every native vote counts

Native Vote, Menikanaehkem

“Voting is sacred. My people know that. We were not universally granted the right to vote until 1962,” said Representative Deb Haaland, a tribal citizen of the Pueblo of Laguna in New Mexico who is now Biden’s nominee for interior secretary, speaking at the 2020 Democratic National Convention. Grassroots organizing by groups working in tribal communities and outreach by Every Native Vote Counts, a national campaign of the nonpartisan group Native Votes, boosted turnout in swing states like Arizona and Wisconsin. Wisconsin’s Menikanaehkem focused on Menominee County, which shares boundaries with the Menominee Indian Reservation. In November, the county saw the sharpest swing to the Democratic ticket of any in the state and produced the highest support for Biden—82 percent. Increased turnout by Indigenous voters mattered in Wisconsin, where Democrats won by just 20,682 votes.

deep canvassing

Living United for Change in Arizona (LUCHA)

Trump won Arizona by more than 90,000 votes in 2016, but he lost it by 10,457 votes in 2020. What changed? The Arizona Republic reported that increased turnout among Latinx voters was “critical for Democrats, as 63% of their votes went to Biden and 36% to Trump, according to exit polls.” Many unions and grassroots organizations contributed to the turnout spike. One of the most innovative was LUCHA, a group born in the struggle against anti-immigrant laws, which in cooperation with Seed the Vote and People’s Action embraced an innovative deep-canvassing strategy designed to reach out to undecided and conflicted voters and engage in real conversations. It worked.

reclaiming the courts

American Constitution Society, Alliance for Justice, Demand Justice

To counter the Federalist Society’s relentless drive to pack the federal bench with right-wing activists, the American Constitution Society, led by former senator Russ Feingold, came up with a plan to jump-start the Biden-Harris administration’s judicial selection process. Immediately after the election, the ACS delivered a list of hundreds of qualified prospects that would bring diversity to the courts. The Alliance for Justice, led by nomination expert Nan Aron, and allied groups also provided a list of potential nominees. And Brian Fallon and the crew at Demand Justice were already formulating strategies to get Biden’s nominees confirmed.

derailing neoliberalism

Rossana Rodriguez Sanchez

When former Chicago mayor Rahm Emanuel, once a key fundraiser and power broker in Bill Clinton’s administration, was floated for a top job under Biden, Rodriguez, the Chicago alderwoman and member of the City Council’s powerful caucus of Democratic Socialists, penned a scathing letter putting him on a “DO NOT HIRE list.” That letter evolved into a petition to Biden signed by thousands of Chicagoans, which recalled that Emanuel covered up the 2014 police murder of 17-year-old Laquan McDonald and closed 50 elementary schools. The petition stated, “If you want to root out systemic racism, defend democracy, and build a society that leaves no one behind—all worthy goals mentioned in your victory speech—we can think of few people worse for the job than the man who earned the nickname ‘Mayor 1%.’ ” Representative Alexandria Ocasio-Cortez and Representative-elect Jamaal Bowman amplified the themes as the outcry went national. The pushback showed how progressives can and must put pressure on the new administration.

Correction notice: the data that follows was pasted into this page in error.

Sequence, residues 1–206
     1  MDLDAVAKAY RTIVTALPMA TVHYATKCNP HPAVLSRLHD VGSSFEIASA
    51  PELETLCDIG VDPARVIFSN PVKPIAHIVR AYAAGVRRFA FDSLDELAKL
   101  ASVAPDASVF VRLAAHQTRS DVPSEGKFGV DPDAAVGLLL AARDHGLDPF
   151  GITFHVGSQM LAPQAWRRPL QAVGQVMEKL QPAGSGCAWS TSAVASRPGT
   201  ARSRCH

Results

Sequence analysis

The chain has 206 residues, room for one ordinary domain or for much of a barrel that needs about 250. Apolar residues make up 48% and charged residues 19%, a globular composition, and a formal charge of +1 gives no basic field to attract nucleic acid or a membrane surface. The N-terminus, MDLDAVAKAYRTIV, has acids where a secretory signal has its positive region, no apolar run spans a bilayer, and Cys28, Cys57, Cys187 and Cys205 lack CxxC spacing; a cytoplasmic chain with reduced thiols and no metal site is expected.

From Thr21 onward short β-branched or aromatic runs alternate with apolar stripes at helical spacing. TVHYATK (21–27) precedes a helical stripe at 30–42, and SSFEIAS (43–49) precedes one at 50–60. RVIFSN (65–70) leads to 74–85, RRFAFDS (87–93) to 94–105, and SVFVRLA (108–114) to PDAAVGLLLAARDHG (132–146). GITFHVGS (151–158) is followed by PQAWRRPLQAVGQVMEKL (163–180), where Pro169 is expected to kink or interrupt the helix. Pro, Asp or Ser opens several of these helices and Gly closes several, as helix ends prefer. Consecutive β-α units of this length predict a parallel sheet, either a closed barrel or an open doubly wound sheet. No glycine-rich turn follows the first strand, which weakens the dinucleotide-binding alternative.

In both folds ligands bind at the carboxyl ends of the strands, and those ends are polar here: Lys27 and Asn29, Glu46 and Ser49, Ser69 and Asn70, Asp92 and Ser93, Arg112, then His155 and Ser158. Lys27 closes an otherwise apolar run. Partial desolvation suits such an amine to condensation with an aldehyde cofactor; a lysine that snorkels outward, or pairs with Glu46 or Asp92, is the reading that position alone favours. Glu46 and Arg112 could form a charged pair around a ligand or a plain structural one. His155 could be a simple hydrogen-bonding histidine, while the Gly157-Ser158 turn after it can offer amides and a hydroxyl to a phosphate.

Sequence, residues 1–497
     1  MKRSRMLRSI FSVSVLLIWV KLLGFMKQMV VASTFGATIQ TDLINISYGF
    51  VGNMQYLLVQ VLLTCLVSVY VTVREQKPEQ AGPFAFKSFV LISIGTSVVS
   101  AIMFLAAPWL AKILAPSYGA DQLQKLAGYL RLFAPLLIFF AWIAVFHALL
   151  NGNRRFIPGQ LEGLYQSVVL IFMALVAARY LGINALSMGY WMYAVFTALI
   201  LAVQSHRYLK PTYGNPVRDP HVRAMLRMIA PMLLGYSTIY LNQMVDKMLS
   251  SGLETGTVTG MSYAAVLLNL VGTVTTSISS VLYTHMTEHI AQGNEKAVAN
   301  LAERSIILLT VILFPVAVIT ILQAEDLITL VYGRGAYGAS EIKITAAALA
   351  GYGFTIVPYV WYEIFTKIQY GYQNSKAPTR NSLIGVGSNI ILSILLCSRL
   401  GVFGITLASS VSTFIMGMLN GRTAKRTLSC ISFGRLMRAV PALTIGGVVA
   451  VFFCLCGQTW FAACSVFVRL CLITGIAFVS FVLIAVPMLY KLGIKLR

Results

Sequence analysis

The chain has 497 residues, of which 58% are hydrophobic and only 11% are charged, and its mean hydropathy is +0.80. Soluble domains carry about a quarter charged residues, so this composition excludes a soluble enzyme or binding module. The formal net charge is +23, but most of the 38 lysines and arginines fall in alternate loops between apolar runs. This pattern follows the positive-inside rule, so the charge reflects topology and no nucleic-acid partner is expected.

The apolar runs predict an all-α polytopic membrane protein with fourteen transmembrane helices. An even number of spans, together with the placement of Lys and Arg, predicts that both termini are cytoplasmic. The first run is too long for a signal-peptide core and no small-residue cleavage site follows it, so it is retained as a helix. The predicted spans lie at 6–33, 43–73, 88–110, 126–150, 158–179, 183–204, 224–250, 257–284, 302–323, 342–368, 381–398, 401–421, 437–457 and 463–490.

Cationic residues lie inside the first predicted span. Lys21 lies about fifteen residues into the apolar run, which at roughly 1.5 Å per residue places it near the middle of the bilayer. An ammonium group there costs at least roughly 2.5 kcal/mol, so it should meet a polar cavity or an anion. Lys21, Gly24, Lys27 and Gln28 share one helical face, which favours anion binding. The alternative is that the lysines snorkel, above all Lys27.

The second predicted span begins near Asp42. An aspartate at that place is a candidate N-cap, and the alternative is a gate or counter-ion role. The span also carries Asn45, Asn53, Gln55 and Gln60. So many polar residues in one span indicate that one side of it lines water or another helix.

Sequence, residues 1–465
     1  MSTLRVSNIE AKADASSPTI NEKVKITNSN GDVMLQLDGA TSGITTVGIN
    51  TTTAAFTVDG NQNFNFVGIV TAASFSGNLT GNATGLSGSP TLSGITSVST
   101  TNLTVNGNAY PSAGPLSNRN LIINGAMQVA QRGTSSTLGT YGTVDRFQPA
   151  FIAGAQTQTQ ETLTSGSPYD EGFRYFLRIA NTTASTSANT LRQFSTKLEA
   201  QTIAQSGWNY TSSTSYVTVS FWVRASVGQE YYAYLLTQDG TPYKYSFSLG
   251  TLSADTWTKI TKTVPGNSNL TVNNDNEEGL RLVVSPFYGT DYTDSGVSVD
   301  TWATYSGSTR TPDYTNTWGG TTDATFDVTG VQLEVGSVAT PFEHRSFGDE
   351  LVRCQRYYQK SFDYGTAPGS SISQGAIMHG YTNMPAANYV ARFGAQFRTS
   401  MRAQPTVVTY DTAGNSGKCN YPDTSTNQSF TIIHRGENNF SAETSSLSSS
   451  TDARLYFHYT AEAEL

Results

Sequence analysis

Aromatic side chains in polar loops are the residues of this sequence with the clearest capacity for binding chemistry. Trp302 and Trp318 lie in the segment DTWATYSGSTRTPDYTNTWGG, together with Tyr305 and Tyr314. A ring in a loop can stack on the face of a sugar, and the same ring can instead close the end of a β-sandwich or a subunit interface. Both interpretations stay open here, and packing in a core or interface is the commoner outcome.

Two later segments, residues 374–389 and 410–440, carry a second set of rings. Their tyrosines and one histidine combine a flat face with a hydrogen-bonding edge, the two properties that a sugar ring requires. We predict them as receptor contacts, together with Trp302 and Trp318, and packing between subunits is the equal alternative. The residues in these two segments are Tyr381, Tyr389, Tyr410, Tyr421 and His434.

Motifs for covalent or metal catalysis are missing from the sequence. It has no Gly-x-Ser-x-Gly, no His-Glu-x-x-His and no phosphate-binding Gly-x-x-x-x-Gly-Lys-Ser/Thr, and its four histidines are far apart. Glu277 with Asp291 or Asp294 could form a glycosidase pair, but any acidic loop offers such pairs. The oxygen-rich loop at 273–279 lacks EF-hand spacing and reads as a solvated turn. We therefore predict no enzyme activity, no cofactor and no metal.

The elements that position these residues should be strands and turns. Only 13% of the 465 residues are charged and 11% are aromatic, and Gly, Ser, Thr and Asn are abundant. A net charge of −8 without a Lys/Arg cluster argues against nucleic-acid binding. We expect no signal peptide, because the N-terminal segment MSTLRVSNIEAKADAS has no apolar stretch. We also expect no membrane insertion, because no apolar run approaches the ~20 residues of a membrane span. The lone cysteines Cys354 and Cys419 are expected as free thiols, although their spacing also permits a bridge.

defunding the military-industrial complex

Representatives Barbara Lee and Mark Pocan and the Defense Spending Reduction Caucus

Faced with a pandemic and an economic meltdown, Wisconsin’s Pocan argued in May, “Increasing defense spending now would be a slap in the face to the families of [those who] have died from this virus.” Pocan and California’s Lee rallied 93 House votes for a July amendment to cut Pentagon spending by 10 percent; Vermont’s Bernie Sanders secured 23 Senate votes. Lee and Pocan then formed the Defense Spending Reduction Caucus. Lee, who was recently honored by the Quincy Institute for Responsible Statecraft for her long struggle to “move U.S. foreign policy away from endless war and toward vigorous diplomacy,” has warned that warped budget priorities harm Black and brown people the most. “We can’t keep spending billions for weapons while leaving our people defenseless against COVID,” she said.

networking for justice

Fair and Just Prosecution

The ranks of progressive prosecutors swelled in November with the elections of George Gascon in Los Angeles, Monique Worrell in Orlando, Fla., and José Garza in Austin, Tex. Nationwide, innovative district attorneys are generating fresh ideas for police accountability, ending mass incarceration, reforming drug laws, and addressing systemic racism. Fair and Just Prosecution brings them together to share strategies for “moving away from past incarceration-driven approaches and advancing new thinking that promotes prevention and diversion and increases fairness.”